Salvador Forquilha (IESE – Mozambique), Paolo Israel (UWC – South Africa), Anne Bang (UiB), João Feijó (OMR – Mozambique), Antonio De Lauri (CMI) and Liv Tønnesen (CMI) in conversation with Carmeliza Rosário (CMI/UiB).
War has been destroying the previously idyllic Northern Mozambique since 2017. Mozambicans are watching with incredulity the videos flooding social media of Islamic insurgents menacingly displaying their weapons and extremist slogans. The insurgents’ ostentatious violence and the atrocious but ineffective response of the state security forces have marked the war. The death toll has surpassed 2200, and over 400.000 people have fled their homes.
The insurgents have pledged allegiance to ISIS and claim to belong to the Islamic State’s Central Africa Province (ISCAP). Most members are Mozambican, while some are from neighboring African countries. The objectives of the insurgents are still unclear. Yet with recent reports of insurgent attacks in southern Tanzania, the danger of a regionalised war has increased.
Following a brutal civil war that ended in 1992, Mozambique enjoyed peace and economic growth. In the mid-2000s, large coal reserves and the discovery of enormous gas reserves made the country a magnet for foreign investment. But things went sour. In 2008 and 2010, following rising cost of living, the country’s capital witnessed popular revolts. In 2013, the conflict with the former guerrillas in Renamo resurged and is still simmering. In 2016, a corruption scandal plunged the country into recession, with donors and the IMF withdrawing budget support. The insurgency has, for now, kept itself to the gas-rich province of Cabo Delgado.
Surprising as this insurgency is for most, the signs of deteriorating relations between the state and its citizenry are not new. Discontent once again takes its most radical and violent form: armed violence—this time with a new global ally, Islamic militant radicalism.
Is Mozambique merely yet another case of the resource curse? A failed experiment in neo-liberal donor dominance? Is the Frelimo regime – formerly a donor darling – rotting from corruption? What does the appeal of religious extremism over the traditional forms of opposition mean for governance? These seminars intend to explore these and other frameworks for understanding Mozambique’s return to war.
In this event 2-part event, Carmeliza Rosário (CMI/UiB) talks with Aslak Orre (CMI), Helge Rønning (UiO), Bjørn Enge Bertelsen (UiB), Stig Jarle Hansen (NMBU), Salvador Forquilha (IESE – Mozambique), Paolo Israel (UWC – South Africa), Anne Bang (UiB), João Feijó (OMR – Mozambique), Antonio De Lauri (CMI), Liv Tønnesen (CMI).
The event is organized in two sessions of two panels each.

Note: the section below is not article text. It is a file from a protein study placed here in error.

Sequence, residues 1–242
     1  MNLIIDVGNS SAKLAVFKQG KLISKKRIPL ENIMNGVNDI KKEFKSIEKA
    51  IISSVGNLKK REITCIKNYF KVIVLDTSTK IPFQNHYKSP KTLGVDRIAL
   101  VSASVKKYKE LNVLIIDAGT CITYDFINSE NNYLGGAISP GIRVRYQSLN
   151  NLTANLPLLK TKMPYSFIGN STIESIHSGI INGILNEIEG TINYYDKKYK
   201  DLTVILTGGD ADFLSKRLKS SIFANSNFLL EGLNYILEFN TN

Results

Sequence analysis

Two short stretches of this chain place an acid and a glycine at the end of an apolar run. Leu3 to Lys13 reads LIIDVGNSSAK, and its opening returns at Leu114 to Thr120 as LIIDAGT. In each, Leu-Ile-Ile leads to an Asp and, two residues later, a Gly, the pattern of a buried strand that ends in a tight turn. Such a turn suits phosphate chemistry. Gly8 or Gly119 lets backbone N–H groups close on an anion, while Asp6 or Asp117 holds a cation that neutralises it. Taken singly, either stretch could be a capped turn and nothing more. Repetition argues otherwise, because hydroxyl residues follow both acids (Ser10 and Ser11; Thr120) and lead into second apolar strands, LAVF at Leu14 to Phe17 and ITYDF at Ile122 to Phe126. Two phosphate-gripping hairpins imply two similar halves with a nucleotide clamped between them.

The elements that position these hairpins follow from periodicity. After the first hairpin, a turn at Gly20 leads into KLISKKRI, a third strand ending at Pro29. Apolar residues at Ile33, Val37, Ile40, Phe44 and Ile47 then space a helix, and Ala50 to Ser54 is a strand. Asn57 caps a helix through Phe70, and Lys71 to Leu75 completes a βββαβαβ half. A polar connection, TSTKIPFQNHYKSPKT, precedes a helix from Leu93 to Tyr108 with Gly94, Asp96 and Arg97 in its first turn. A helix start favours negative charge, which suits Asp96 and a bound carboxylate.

Session 1, 3rd December:
Panel 1 – Aslak Orre and Helge Rønning, on Mozambique’s macro-political and economic context and donors’ role in anticipating and mitigating the conflict.
Panel 2 – Bjørn Bertelsen and Stig Hansen, on previous violence and armed conflicts in Mozambique, contemporary global warfare and Islamic insurgency dynamics.
Session 2, 8th December:
Panel 3 – Paolo Israel and Salvador Forquilha, on the insurgency’s specific dynamics in Mozambique, its local and regional links, including ethnic affiliations and cleavages, legacies of violence, and the role of the social media. Anne Bang comments on the conflict as viewed from neighboring Tanzania.
Panel 4 – Carmeliza Rosário discusses with João Feijó, Antonio De Lauri, and Liv Tønnesen the least researched dimensions of this conflict, forced displacement and humanitarianism, the terror-crime nexus, and female agency in insurgencies.
is a Senior Researcher and Director of the Institute for Social and Economic Studies (IESE), in Maputo. He holds a PhD in Political Science from the University of Bordeaux (France). His research focuses on governance, strengthening civic participation, conflict and political violence. He is currently researching the extent of youth radicalization in the Northern Provinces of Mozambique.
is a senior lecturer at the University of the Wester Cape. He has carried out extensive research in northern Mozambique, focusing on the intersections between popular culture and politics. His doctoral thesis focused on the historicity of Makonde mapiko masquerades. Paolo has also worked on witch-hunts and occult rumours; storytelling and oral performance. His broader research interests include the historiography of Mozambique; African popular culture; the theory of history and the anthropology of belief.
is a historian and Professor at UiB. She is a researcher of Islamic history of the Western Indian Ocean in the 19
thcenturies, including Yemen, Oman, Kenya, Tanzania and Mozambique. Her work focuses on various forms of religious change, but also social, legal and political change.
is a sociologist with a PhD in African Studies. He is the coordinator of the Observatório do Meio Rural (OMR) research line about poverty, inequalities and conflicts and the coordinator of OMR’s scientific council, in Mozambique. He has researched and published on identities, labour relations, migration, and conflicts.
Antonio De Lauri
is a social and cultural anthropologist, currently Research Professor at CMI. He is the funding Editor-in-chief of the journal Public Anthropologist and the director of the Norwegian Center for Humanitarian Studies.
is a research director at CMI. She is a political scientist researching women, politics and Islam in the Middle East and Northern Africa with a specialization on Sudan.
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